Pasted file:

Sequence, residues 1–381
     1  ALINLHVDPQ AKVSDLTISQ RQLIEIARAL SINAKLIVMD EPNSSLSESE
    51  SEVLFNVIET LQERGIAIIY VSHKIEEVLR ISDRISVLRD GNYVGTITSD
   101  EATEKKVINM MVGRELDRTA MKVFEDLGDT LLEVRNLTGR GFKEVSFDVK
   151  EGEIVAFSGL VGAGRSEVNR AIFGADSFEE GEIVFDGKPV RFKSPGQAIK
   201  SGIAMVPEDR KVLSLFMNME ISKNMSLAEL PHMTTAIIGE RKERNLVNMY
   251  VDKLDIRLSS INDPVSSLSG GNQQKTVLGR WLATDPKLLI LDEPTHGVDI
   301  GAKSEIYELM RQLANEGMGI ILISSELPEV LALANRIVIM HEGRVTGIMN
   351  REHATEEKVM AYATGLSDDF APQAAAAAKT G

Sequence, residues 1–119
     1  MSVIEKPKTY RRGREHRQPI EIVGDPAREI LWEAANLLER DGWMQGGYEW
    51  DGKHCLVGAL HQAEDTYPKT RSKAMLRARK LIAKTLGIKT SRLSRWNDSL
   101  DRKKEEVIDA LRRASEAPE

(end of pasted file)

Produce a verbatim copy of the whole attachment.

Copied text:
Sequence, residues 1–381
     1  ALINLHVDPQ AKVSDLTISQ RQLIEIARAL SINAKLIVMD EPNSSLSESE
    51  SEVLFNVIET LQERGIAIIY VSHKIEEVLR ISDRISVLRD GNYVGTITSD
   101  EATEKKVINM MVGRELDRTA MKVFEDLGDT LLEVRNLTGR GFKEVSFDVK
   151  EGEIVAFSGL VGAGRSEVNR AIFGADSFEE GEIVFDGKPV RFKSPGQAIK
   201  SGIAMVPEDR KVLSLFMNME ISKNMSLAEL PHMTTAIIGE RKERNLVNMY
   251  VDKLDIRLSS INDPVSSLSG GNQQKTVLGR WLATDPKLLI LDEPTHGVDI
   301  GAKSEIYELM RQLANEGMGI ILISSELPEV LALANRIVIM HEGRVTGIMN
   351  REHATEEKVM AYATGLSDDF APQAAAAAKT G

Sequence, residues 1–119
     1  MSVIEKPKTY RRGREHRQPI EIVGDPAREI LWEAANLLER DGWMQGGYEW
    51  DGKHCLVGAL HQAEDTYPKT RSKAMLRARK LIAKTLGIKT SRLSRWNDSL
   101  DRKKEEVIDA LRRASEAPE